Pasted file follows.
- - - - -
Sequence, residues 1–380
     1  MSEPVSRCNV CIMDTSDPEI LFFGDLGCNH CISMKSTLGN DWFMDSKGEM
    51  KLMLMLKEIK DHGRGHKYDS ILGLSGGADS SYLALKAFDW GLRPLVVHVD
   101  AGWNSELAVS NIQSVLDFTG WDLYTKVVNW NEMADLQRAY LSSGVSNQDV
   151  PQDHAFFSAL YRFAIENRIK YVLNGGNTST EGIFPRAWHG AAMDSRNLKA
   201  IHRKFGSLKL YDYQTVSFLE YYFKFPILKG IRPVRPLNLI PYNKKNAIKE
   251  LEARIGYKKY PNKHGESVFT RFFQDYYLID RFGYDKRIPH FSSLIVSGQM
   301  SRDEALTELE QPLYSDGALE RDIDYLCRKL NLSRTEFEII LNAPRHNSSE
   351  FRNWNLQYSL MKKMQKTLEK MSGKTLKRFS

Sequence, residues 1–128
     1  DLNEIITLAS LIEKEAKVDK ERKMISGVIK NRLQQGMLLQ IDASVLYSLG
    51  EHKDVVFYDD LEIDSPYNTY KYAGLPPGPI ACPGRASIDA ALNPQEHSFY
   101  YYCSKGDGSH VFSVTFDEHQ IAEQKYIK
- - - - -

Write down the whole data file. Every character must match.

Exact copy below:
Sequence, residues 1–380
     1  MSEPVSRCNV CIMDTSDPEI LFFGDLGCNH CISMKSTLGN DWFMDSKGEM
    51  KLMLMLKEIK DHGRGHKYDS ILGLSGGADS SYLALKAFDW GLRPLVVHVD
   101  AGWNSELAVS NIQSVLDFTG WDLYTKVVNW NEMADLQRAY LSSGVSNQDV
   151  PQDHAFFSAL YRFAIENRIK YVLNGGNTST EGIFPRAWHG AAMDSRNLKA
   201  IHRKFGSLKL YDYQTVSFLE YYFKFPILKG IRPVRPLNLI PYNKKNAIKE
   251  LEARIGYKKY PNKHGESVFT RFFQDYYLID RFGYDKRIPH FSSLIVSGQM
   301  SRDEALTELE QPLYSDGALE RDIDYLCRKL NLSRTEFEII LNAPRHNSSE
   351  FRNWNLQYSL MKKMQKTLEK MSGKTLKRFS

Sequence, residues 1–128
     1  DLNEIITLAS LIEKEAKVDK ERKMISGVIK NRLQQGMLLQ IDASVLYSLG
    51  EHKDVVFYDD LEIDSPYNTY KYAGLPPGPI ACPGRASIDA ALNPQEHSFY
   101  YYCSKGDGSH VFSVTFDEHQ IAEQKYIK